This one is not about being the best in Europe. Well, almost. According to a Google ranking of the most hygienic toilets in European cities by UK bathroom supplier Showers to You, the city “built by gentlemen for gentlemen” ranks third … third worst, that is. The Times of Malta reported that the most popular public bathroom in Valletta is that at the Lower Barakka Gardens, though even this received certain negative comments.
Showers to You analysed 8,000 on-line toilet reviews, 53 of which were about Valletta public toilets. One out of every eight reviews for Valletta described the bathrooms as dirty, rating them an average of 3.16 out of 5 stars. There was only one 5-star review, though the reviewer added that “it saved my life”, indicating that the five stars were not for the hygiene but because he badly needed a crap. If it’s any consolation, Riga and Madrid fared worse than Malta.
While we’re at it, I wonder what the reviews would have been had other cities in Malta been included. From my experience, bar a few toilets where the attendant seems to take a personal pride in having a clean toilet and one where you find the toilet paper and can wash your hands afterwards, the rest are a disaster. Not to mention that having one toilet in certain towns where thousands of locals and tourists assemble, is a non-starter.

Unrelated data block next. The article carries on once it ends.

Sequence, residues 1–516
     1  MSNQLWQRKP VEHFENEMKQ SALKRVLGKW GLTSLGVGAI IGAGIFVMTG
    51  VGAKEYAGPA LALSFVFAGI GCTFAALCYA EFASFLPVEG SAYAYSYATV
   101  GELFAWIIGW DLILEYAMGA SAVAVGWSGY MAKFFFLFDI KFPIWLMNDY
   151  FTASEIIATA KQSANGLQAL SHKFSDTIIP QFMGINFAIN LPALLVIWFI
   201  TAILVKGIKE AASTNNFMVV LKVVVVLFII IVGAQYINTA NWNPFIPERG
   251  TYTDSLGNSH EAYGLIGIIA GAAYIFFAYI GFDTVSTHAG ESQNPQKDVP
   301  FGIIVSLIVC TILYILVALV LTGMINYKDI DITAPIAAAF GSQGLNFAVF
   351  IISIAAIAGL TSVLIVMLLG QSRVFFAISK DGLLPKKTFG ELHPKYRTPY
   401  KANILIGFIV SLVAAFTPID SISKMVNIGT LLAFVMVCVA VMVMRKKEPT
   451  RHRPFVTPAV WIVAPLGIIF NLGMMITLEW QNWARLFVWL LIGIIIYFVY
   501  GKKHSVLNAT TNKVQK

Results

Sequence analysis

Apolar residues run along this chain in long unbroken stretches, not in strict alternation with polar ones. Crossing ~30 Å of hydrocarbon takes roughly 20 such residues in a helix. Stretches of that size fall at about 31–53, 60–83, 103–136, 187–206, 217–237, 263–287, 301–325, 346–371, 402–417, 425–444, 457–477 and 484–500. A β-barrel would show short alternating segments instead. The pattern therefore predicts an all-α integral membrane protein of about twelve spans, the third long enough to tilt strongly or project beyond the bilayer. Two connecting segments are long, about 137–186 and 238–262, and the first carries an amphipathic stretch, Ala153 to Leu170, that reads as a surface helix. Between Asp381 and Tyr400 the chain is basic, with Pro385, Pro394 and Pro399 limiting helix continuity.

Gen Z open house
A new study conducted by KPMG reveals a stark reality – young, single individuals with an average income cannot afford 95% of properties on the market in Malta. This finding foretells a housing affordability crisis, especially where the younger demographic and those with lower incomes are concerned.
The study highlighted that single buyers in their late 20s with an average income of €21,000 can only afford a property worth a maximum of €171,000. However, only 5.2% of finished apartments fall within this price range. This means that a significant portion of the population, particularly young, single individuals, are being priced out of the housing market.
But according to KPMG’s Nimrah Khatoon the affordability crisis isn’t limited to single individuals. Perhaps obviously, young couples working in elementary jobs cannot afford over 60% of properties. Even more alarming, this figure rises to 96% for couples on the minimum wage. Dual-income households on this wage struggle to find affordable housing.